R is for Reliable
Radisson places great focus on driving quality and comfort up
The experts tell us not to do it. They say it’s bad for our health. Apparently it makes us fat, and gives us little mountains on our skin that explode with white puss when squeezed between a thumb and forefinger. Some even say it’s unethical, and that we shouldn’t be pumping money and encouragement into the global monster.
So why, exactly, do we keep going back to McDonald’s?
The obvious answer lies within the phrase ‘fast food’; McDonald’s is convenient, it is quick, and, frankly, it tastes good. Dig a little deeper, however, and you’ll find that the continued success of restaurants like this is actually down to familiarity and trust; consumers know what to expect when they walk beneath the golden arches, and it turns out this is something they value.
It is for the very same reason that you can book a room at the Radisson Slavyanskaya Hotel in Moscow with absolute assurance, knowing that you will the recipient of exemplary service, and that your stay will go beyond satisfactory. You can also be sure that you won’t be nudged any further along the road to obesity, and that you’re unlikely to wake up in the morning with a face that looks like a birds-eye view of the Alps.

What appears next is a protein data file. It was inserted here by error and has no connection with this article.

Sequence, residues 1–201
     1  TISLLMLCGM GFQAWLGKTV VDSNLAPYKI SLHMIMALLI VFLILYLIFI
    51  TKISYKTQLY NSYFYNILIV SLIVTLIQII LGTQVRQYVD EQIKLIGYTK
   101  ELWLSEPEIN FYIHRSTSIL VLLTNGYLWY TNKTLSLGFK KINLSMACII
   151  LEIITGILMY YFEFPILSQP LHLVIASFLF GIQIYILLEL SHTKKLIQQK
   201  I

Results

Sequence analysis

Beyond this, there are two important differences between McDonald’s and Radisson. The first is that McDonald’s is a restaurant, Radisson is a hotel. The second is that McDonald’s places great focus upon driving prices down, while Radisson places great focus on driving quality and comfort up.
One of the most impressive illustrations of this is the plush foyer that you’ll invariably find in any Radisson branch. There’s no need for the floor to be that polished, for the huddles of sofas and armchairs to be that voluptuous, or for the water fountains to dance that mercurially in the moods cast by kaleidoscopic up-lights. But they all contribute to a feeling of mild opulence that draws paupers like me in just to have a look around and feel swanky for a moment.
The only real difference from one Radisson to the next is location, and this is where the Slavyanskaya Hotel in Moscow truly excels. Perched on the banks of the Moskva River, across from the striking glass eminence of Crystal Bridge, the views afforded from the hotel’s rooms take in the full breadth of Moscow’s imperious skyline. What’s more, the city’s most popular sites – the Kremlin, St. Basil’s, Cathedral of Christ the Saviour – are within spitting distance (though it’s unadvisable to actually spit on them).
All consumers really want from a hotel is a comfortable bed and a decent night’s sleep; they don’t want to receive any surprises that aren’t announced in the same sentence as the words ‘upgrade’ and ‘bubbly’. This is why it’s impossible to describe any of the hotels beneath the Radisson umbrella as anything less than excellent; it’s not just a room you’re paying for, it’s peace of mind.